Of all the F-Pace models, the SVR clearly is the most opulent. Leather covers every reachable surface in the spacious cabin: dash, door panels, even sections the centre console, especially around the infotainment screen. It’s available in three, two-tone colour options – red and black, white and black, tan and black – and one solid colour – black. Of course, it wouldn’t be a true performance car without some optional carbon fibre trim thrown in for good measure, which, frankly, we could do without.
The 14-way adjustable, heated, perforated, trim-exclusive leather buckets are the highlight. They hug you in the corners as well as they cushion butts and backs on long road trips. The same surfaces carry over to the back seat. Not only is the rear bench upscale and super comfortable, it’s finished in the same perforated and quilted leather as the fronts. It also offers a respectable 37.2 inches of legroom, besting the Stelvio Quadrifoglio (35.9) by a few inches.
The F-Pace SVR doesn’t get the new dual infotainment screens found on the XE we also drove. Instead, the old 10.3-inch touchscreen carries over with Jaguar’s latest InControl Touch Pro infotainment system, apps like Spotify and WhatsApp, better navigation, and for the first time, Apple CarPlay and Android Auto connectivity (standard on the SVR). Buyers can opt for a 12.3-inch digital instrument cluster as well. The entire system is… acceptable, but a bit slow to react to inputs. We prefer the new dual-screen setup for its improved functionality.
While the base F-Pace is no ugly duckling, the range-topping SVR is hands-down the fanciest of the flock.
While the base F-Pace is no ugly duckling, the range-topping SVR is hands-down the fanciest of the flock. The high-performance Jag gets visuals like a larger front bumper, air intake and bonnet vents (all for cooling), functional vents behind the front wheels, a new rear bumper, quad exhaust tips, and trim-exclusive 21-inch wheels. The visual upgrades help drop the Jag’s drag coefficient from 0.38 to a modest 0.37.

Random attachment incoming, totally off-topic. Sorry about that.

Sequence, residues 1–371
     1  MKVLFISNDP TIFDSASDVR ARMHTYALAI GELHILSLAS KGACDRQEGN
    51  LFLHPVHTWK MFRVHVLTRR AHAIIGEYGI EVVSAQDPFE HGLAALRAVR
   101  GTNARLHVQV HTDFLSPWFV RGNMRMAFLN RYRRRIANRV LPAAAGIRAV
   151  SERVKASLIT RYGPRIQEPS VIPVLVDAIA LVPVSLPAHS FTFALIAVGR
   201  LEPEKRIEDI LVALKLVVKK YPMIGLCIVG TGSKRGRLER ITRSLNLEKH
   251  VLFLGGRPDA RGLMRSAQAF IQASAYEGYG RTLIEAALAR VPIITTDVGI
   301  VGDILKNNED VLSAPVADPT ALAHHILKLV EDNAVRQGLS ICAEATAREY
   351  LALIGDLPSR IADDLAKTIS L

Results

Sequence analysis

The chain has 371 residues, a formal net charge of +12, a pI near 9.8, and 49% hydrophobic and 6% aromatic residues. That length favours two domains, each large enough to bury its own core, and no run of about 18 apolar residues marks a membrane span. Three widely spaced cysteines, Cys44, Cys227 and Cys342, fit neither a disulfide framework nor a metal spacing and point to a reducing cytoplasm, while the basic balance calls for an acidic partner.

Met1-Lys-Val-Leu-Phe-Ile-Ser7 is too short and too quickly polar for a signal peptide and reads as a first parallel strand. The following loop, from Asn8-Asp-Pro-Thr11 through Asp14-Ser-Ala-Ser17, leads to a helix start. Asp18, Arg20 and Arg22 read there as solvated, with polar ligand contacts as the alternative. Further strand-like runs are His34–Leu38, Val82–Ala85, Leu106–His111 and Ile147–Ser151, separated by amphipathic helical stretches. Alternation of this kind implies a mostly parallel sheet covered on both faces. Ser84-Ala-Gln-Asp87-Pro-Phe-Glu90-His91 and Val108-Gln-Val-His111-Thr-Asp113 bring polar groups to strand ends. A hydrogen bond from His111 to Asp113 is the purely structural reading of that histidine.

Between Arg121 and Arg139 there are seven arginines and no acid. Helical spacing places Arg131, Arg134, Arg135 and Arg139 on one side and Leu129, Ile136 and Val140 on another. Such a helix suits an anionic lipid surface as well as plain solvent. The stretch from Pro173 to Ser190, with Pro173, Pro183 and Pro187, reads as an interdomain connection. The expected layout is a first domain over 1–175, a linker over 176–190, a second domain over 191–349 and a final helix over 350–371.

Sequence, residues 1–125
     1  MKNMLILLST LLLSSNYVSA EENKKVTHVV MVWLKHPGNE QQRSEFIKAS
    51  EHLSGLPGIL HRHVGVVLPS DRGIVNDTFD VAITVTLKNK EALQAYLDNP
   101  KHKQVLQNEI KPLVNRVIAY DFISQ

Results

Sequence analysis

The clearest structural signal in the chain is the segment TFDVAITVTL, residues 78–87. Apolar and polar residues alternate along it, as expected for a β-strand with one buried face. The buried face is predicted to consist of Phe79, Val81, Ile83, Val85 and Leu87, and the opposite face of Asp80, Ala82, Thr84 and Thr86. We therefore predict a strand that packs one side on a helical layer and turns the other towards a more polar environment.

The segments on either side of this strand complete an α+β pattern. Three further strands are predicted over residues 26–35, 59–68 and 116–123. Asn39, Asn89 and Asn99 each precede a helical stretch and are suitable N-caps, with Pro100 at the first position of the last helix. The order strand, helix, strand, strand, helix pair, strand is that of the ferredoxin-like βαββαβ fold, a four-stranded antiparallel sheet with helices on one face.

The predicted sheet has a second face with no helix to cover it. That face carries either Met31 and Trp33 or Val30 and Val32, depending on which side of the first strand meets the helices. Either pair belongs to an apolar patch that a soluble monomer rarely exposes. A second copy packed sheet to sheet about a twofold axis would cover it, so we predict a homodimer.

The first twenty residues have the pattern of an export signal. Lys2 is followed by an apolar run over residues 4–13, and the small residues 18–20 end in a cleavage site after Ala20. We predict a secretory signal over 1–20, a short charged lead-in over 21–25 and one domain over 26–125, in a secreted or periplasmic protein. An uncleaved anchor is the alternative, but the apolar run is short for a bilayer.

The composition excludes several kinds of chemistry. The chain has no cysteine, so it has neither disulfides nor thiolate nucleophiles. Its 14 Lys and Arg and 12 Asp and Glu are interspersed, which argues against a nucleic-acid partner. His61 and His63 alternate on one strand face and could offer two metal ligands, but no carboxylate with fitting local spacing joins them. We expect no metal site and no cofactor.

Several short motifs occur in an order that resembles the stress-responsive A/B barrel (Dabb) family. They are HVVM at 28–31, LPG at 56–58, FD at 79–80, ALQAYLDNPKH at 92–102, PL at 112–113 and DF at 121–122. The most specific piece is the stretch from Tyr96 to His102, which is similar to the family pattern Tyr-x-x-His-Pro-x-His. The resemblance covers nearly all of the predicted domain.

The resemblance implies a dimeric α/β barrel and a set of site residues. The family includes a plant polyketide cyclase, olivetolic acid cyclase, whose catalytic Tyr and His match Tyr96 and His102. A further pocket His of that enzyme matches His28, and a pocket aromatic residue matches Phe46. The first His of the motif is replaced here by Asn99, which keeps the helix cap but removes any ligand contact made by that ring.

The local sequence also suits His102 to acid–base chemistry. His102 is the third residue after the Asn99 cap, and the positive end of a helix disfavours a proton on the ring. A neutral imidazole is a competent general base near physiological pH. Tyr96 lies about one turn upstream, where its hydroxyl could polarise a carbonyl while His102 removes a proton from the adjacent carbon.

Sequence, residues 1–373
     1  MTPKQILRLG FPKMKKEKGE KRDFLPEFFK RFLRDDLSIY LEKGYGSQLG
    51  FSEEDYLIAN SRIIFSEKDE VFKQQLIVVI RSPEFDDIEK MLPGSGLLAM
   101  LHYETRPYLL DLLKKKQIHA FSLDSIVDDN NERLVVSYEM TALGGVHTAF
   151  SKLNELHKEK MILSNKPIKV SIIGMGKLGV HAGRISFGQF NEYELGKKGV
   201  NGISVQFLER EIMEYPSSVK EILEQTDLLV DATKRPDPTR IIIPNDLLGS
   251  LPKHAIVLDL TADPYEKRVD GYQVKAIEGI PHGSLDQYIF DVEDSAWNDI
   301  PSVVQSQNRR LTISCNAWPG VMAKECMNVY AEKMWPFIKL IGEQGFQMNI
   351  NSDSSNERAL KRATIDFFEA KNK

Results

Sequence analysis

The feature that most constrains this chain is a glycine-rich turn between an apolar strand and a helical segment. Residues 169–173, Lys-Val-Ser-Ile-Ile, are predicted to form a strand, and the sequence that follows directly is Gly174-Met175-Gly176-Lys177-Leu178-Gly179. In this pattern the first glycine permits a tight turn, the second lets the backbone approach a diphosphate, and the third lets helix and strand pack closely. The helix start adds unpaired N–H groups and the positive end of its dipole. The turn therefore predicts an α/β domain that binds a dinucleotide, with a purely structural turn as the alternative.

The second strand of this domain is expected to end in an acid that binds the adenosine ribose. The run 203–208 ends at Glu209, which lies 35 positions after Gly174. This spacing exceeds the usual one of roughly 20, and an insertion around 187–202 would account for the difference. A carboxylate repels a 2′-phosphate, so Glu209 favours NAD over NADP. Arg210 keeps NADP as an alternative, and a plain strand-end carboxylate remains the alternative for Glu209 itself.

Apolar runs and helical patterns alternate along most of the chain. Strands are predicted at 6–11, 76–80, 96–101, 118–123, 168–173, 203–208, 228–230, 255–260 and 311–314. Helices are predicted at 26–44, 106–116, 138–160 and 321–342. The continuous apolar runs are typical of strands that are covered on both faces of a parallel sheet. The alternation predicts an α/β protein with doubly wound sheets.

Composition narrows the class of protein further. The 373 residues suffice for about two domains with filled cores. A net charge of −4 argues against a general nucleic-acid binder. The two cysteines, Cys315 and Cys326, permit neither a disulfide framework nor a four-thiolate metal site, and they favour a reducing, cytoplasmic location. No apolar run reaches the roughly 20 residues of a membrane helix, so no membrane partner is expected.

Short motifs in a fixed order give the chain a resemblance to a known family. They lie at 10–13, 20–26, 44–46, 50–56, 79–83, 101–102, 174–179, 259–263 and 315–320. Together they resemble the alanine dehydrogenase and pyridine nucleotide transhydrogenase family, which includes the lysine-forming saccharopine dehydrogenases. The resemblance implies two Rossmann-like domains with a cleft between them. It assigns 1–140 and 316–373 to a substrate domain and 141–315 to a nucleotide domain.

But the F-Pace SVR almost looks too subtle. Only the larger wheels, SVR badges, and flaring nostrils distinguish it from the lower S model. We like our performance crossovers to look a bit angrier, frankly.
The F-Pace SVR starts at lb75,335, which pits it directly against the Alfa Romeo Stelvio Quadrifoglio (lb67,534) in price, and just above the Mercedes-Benz GLC 63 (lb71,410). But it’s more powerful than both, and more affordable than the less-powerful Porsche Macan Turbo Performance Package (lb68,073) and larger Jeep Grand Cherokee Trackhawk (lb89,999). For all the power and poise on tap, the F-Pace SVR feels like a solid alternative to the more established crop.
The SVR’s insane supercharged V8, supercar-like straight-line speed, and advanced cornering abilities should shock any supercar-biased driver into submission. Add to that the comfortable characteristics of an everyday crossover, including a posh cabin, comfortable-enough ride, and acceptable tech, and the F-Pace hangs tough in a class packed with strong competition.